Updated: Sep 18
By Aron Shklar
World News Editor
Recently, in a remote but important part of Asia, tensions between two countries spiked unexpectedly. Those countries are Armenia and Azerbaijan, both former Soviet states and members of the former USSR. Long-simmering tensions over the disputed region of Nagorno-Karabakh escalated on September 27th when artillery and air attacks were launched, and both sides accused each other of being responsible.
Described as “an ethnic tinderbox” by the New York Times, Nagorno-Karabakh is a hotly contested region with importance to both Armenia and Azerbaijan. Azerbaijan views the region as part of its country, and it is internationally recognized as such. However, many ethnic Armenians live in the region, and claim that they are allied with Armenia. Armenia’s government backs this claim, using the Armenian Genocide of World War I as a way to justify their military defense. Another source of tension is that In 1992, the ethnic Armenians living in Nagorno-Karabakh in fact declared themselves independent from Azerbaijan, which resulted in a two-year ethnic war. The tensions from that conflict are still active today, and fed into this current conflict.
This stage of fighting started when Armenia claimed that Azerbaijan launched air and artillery attacks on Nagorno-Karabakh, according to Politico.com. Azerbaijan claims that it was “conducting a ‘counter-offensive in response to military provocation.’” The death toll on both sides is disputed. As of October 2nd, Armenia reported that it had 158 fatalities and killed 200 Azerbajainis. The next day, Azerbaijan claimed that it had killed 550 Armenians already. Both sides, sadly, have been accused of killing civilians, with 13 killed by Armenia and 19 by Azerbaijan. An unknown number of properties have been destroyed by both sides, including at least one restaurant. These tragic losses will continue to rise, as it is no longer just Armenia and Azerbaijan in this conflict.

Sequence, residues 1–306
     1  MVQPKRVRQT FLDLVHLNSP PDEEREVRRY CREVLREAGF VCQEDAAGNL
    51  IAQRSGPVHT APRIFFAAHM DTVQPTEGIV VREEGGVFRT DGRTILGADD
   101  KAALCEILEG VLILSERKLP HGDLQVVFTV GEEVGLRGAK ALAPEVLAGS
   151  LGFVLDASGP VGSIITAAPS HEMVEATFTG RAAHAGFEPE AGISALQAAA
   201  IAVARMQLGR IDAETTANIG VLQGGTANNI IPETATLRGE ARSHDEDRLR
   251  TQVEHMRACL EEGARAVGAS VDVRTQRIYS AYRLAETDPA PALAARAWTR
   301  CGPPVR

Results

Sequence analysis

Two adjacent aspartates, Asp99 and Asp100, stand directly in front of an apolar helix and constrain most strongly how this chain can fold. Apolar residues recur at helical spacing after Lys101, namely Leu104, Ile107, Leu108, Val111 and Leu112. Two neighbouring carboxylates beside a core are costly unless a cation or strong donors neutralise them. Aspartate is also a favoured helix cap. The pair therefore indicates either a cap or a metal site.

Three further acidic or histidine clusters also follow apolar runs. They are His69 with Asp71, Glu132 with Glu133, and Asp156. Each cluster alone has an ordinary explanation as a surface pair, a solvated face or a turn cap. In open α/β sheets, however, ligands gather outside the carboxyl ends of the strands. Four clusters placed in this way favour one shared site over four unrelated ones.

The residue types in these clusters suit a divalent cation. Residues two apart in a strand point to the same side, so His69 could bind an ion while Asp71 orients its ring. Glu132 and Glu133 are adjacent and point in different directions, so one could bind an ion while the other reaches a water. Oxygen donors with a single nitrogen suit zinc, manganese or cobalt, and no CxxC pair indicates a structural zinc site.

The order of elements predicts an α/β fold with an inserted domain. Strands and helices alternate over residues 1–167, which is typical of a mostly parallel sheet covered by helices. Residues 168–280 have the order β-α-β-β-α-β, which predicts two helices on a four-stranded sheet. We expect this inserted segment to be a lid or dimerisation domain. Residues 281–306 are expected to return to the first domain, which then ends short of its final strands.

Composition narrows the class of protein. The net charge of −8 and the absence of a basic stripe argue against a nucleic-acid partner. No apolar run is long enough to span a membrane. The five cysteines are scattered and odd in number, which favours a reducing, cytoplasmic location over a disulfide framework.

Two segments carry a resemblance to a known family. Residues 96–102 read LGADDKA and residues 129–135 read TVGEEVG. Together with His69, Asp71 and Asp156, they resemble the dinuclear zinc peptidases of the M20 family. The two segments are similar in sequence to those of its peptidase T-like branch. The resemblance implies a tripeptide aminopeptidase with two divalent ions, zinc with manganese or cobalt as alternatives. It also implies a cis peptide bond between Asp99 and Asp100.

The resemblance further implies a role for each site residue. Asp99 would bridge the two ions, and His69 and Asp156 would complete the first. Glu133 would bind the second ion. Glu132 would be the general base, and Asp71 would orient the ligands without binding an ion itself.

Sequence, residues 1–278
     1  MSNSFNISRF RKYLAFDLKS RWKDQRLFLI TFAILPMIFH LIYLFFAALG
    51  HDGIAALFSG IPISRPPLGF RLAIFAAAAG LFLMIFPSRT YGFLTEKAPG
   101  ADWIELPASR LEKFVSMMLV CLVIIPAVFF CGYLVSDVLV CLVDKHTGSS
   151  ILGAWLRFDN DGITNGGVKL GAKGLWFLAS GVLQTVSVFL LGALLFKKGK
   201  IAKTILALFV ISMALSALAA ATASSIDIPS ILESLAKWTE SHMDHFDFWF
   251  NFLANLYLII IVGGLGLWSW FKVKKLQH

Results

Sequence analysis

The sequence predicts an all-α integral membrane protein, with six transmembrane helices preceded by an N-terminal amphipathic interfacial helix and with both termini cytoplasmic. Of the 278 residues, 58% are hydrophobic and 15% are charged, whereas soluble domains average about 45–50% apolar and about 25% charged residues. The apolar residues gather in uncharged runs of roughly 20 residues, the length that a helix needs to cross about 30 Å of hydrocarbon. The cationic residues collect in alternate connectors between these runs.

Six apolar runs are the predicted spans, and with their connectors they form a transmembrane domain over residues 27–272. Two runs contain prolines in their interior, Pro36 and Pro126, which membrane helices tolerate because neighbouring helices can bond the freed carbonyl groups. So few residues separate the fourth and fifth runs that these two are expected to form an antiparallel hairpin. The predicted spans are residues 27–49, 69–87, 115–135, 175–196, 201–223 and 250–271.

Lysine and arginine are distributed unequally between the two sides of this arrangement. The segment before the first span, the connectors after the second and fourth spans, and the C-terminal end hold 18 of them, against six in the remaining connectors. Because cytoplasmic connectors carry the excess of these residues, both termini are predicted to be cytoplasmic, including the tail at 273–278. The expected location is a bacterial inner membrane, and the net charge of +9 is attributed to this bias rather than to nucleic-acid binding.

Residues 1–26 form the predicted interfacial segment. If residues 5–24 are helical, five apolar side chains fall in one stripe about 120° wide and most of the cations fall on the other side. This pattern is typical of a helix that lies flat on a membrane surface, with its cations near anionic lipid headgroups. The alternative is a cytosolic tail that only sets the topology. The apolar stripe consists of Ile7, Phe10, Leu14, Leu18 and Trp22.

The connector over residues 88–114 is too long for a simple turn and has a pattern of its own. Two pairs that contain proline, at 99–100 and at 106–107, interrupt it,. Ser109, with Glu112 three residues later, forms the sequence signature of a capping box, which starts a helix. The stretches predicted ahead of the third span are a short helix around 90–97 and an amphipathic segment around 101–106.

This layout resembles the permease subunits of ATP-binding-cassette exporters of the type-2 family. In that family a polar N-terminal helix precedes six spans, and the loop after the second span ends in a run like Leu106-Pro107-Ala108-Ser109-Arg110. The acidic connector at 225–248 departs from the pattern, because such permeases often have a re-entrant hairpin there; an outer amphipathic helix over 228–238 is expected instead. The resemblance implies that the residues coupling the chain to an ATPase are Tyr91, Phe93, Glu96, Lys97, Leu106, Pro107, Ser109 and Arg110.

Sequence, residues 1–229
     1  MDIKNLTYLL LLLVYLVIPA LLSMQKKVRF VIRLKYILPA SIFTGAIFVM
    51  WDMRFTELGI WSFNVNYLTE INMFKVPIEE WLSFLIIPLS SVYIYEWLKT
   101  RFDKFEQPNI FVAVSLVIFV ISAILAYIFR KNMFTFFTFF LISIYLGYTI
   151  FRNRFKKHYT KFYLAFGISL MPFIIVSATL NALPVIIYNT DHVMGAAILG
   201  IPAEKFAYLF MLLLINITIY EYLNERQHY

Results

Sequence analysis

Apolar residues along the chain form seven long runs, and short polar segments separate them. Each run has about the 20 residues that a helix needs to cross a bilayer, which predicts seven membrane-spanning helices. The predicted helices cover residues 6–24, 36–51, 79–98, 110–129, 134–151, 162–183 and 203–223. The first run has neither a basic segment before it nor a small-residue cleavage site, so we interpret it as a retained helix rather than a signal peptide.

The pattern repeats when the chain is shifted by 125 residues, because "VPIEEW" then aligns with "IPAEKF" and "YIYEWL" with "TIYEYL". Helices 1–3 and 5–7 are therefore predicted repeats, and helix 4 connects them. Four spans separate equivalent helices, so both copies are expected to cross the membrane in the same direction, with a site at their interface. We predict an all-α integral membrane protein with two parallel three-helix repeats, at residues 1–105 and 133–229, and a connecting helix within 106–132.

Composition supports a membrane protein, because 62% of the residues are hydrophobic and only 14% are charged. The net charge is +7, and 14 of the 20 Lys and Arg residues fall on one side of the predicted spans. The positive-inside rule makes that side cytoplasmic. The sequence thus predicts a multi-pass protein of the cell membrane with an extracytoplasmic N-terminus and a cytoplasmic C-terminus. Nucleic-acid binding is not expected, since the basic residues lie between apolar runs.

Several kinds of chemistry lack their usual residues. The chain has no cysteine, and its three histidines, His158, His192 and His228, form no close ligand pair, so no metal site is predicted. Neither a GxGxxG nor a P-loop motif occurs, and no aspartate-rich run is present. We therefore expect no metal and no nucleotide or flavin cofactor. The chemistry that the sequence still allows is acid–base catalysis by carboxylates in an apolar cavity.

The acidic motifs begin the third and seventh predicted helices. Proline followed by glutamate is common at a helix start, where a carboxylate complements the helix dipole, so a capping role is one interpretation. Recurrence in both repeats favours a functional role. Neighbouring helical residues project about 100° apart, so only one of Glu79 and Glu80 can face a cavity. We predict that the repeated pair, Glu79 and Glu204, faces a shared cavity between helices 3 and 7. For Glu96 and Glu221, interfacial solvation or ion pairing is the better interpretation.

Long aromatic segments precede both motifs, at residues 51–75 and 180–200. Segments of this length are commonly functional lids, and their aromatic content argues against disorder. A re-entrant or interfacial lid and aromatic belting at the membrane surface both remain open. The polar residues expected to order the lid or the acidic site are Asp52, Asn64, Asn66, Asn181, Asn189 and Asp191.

Azerbaijan and Armenia are not the only countries involved in this conflict. Each has a powerful country prepared to back it, and to enter into the conflict themselves. Those countries are Turkey, who is supporting Azerbaijan, and Russia who is supporting Armenia. On October 1st, CNN learned that Syrians in the rebel Syrian National Army (which is backed by Turkey) were being hired by someone to go fight for Azerbaijan. This mysterious benefactor turned out to be Turkey, who has claimed that these are “baseless allegations” according to CNN. CNN also interviewed an anonymous hired Syrian fighter, who said that “they told us that they will give us $1,500 a month. Our contracts are for three months, and every month we will be getting paid by the unit commander.” But the fighter added that he isn’t sure who is actually providing this money. At least 1,000 men have signed up to fight, but there could be more. Many people are pointing towards Turkey as paying these soldiers, but again, Turkey denies these allegations, blaming Armenia instead. This serves only to raise tensions further, and darken the prospect of an easy end to the conflict.
In spite of the fighting, several attempts have been made to ease tensions between the two countries and their allies. On October 10th, Russia brokered a cease-fire, in which the sides would trade prisoners and collect their dead. However, this deal soon fell apart, and the two countries once again began to attack. Despite this lackluster deal, on Tuesday, November 10th, the war ended, with Armenian Prime Minister Nikol Pashinyan announcing that he signed an “unspeakably painful agreement” with Russia and Azerbaijan. This announcement came hours after Azerbaijan announced that it had captured the key city of Shusha, sometimes described as the “Jerusalem of Nagorno-Karabakh,” due to its religious significance. Shortly after Prime Minister Pashinyan’s announcement, Azerbaijan President Ilham Aliyev stated that the deal would “return our territories without any further bloodshed.” President Vladmir Putin of Russia has since said that Russian peacekeeping forces will be deployed along the border, to prevent further warfare. And so, the war ends, with a tragic loss of life on both sides, and no guarantee of this being the last conflict over Nagorno-Karabakh.